Reliance Industries Ltd (RIL) is fighting fire with fire. In a bid to counter pressure being brought to bear on it by the government to sell gas from its existing fields at less than the market price, it is contemplating putting $10 billion (Rs 63,000 crore) of additional investments in its KG-D6 block on hold.
Reliance had not been able to supply the contracted amount of gas due to a shortfall in production at its KG-D6 fields. The government wants it to supply this shortfall amount at the old price of $4.2 per unit.
Sources close to the developments said RIL’s board may decide to freeze investments to arrest the decline in output at its fields in the event of the petroleum ministry forcing it to sell gas from its existing fields at $4.2 per unit. RIL’s spokesperson refused an official comment on the development.
It may be noted here that the government had, in late June, approved pricing of all domestically produced natural gas at an average of international hub rates and actual cost of LNG, which will work out to around $6.7 per unit at prevailing international prices and at around $8.4 per unit, or double the existing price of gas at $4.2 per unit, next year.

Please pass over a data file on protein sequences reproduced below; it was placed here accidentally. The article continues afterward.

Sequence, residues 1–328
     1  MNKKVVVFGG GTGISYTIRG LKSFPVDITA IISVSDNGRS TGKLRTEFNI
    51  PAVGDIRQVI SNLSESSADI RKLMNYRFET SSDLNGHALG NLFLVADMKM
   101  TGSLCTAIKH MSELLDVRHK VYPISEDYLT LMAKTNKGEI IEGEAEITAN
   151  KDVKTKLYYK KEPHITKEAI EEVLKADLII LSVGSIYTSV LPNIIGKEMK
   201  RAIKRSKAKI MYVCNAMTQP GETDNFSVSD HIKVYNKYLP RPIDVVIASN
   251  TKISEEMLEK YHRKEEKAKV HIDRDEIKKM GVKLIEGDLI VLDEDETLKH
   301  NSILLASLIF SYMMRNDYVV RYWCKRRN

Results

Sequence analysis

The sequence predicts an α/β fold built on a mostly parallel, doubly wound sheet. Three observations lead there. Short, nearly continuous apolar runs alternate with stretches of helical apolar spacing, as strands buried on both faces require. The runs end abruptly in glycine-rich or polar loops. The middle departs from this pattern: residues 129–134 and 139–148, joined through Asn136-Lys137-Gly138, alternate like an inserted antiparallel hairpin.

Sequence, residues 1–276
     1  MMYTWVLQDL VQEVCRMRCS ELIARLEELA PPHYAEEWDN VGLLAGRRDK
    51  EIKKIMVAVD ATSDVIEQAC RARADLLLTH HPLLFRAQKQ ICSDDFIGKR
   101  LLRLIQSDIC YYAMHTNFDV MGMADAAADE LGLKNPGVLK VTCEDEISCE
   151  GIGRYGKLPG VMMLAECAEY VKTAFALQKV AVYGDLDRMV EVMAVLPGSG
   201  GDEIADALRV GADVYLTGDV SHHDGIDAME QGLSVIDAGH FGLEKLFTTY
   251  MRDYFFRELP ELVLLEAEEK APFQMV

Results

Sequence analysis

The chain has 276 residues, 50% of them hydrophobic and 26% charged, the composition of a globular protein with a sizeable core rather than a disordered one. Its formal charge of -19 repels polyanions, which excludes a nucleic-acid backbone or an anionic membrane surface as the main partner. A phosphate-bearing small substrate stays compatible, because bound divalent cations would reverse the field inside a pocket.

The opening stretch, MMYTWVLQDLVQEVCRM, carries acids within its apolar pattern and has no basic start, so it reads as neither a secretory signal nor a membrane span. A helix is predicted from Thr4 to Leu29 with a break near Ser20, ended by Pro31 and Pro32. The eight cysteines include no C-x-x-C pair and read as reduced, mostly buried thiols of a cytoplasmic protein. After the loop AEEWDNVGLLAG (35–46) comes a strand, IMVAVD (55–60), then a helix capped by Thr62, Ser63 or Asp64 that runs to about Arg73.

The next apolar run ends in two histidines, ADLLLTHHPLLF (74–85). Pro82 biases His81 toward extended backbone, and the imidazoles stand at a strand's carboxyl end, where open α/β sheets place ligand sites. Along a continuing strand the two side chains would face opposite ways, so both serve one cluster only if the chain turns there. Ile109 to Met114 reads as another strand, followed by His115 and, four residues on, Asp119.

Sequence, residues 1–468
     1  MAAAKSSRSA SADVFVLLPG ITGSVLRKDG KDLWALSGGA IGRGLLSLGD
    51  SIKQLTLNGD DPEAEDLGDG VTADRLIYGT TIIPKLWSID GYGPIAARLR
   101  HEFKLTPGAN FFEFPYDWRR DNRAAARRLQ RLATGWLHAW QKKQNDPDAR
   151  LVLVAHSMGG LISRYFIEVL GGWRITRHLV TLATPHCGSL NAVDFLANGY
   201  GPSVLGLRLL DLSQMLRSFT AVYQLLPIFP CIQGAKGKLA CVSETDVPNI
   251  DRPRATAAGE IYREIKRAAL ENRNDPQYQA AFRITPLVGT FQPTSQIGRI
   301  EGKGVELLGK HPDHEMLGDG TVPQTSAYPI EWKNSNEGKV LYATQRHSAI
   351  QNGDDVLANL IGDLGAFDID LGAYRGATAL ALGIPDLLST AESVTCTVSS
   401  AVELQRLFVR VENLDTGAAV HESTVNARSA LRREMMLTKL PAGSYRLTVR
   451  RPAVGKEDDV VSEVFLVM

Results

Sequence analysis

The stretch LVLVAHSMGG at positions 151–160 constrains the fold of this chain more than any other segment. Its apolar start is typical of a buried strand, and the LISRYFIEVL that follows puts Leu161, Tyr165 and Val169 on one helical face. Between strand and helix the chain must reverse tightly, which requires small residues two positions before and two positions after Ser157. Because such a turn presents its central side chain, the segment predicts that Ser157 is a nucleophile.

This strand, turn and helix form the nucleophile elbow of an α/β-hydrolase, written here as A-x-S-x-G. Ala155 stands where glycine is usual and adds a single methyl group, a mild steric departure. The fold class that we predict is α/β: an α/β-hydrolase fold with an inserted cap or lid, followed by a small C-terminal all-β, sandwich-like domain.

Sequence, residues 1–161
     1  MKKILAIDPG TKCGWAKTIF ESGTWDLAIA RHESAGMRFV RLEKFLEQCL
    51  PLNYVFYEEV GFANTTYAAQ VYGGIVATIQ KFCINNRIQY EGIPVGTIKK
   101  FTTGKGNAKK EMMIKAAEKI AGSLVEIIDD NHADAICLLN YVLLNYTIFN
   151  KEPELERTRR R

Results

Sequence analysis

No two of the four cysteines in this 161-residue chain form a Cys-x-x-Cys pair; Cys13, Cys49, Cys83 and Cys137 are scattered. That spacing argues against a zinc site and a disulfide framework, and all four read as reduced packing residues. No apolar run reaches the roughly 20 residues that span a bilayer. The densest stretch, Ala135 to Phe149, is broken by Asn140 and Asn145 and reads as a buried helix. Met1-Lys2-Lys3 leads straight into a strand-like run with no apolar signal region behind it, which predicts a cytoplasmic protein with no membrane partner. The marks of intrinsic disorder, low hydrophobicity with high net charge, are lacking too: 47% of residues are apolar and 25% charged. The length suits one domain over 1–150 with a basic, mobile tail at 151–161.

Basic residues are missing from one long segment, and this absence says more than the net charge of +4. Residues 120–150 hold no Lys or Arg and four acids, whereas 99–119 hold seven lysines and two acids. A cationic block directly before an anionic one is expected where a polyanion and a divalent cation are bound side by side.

RIL’s executive director, PMS Prasad had told HT in a recent interaction that it was unforeseen geological complexities that led to the sudden fall in output.
Prasad has even termed the government move as the one that will stifle private investment in oil and gas hunt as also one that runs contrary to the contract it had signed.
On September 3, RIL had written to petroleum minister M Veerappa Moily saying the production sharing contract (PSC) does not bind it to indicative production numbers.
“Neither the PSC nor the field development plan (or investment proposal) even suggest that a shortfall in production can be considered a breach for which penalties can be levied,” Prasad wrote.
RIL, he said, has on numerous occasions asked the government to appoint an independent third party technical expert to verify performance of the fields and see if the company had been hoarding gas to benefit from higher prices.